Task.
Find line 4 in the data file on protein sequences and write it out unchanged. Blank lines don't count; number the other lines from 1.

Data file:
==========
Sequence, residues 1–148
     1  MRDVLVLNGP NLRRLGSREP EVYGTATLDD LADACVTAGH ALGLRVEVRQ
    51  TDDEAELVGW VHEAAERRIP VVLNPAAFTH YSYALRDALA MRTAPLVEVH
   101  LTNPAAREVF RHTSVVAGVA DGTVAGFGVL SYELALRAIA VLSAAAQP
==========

   101  LTNPAAREVF RHTSVVAGVA DGTVAGFGVL SYELALRAIA VLSAAAQP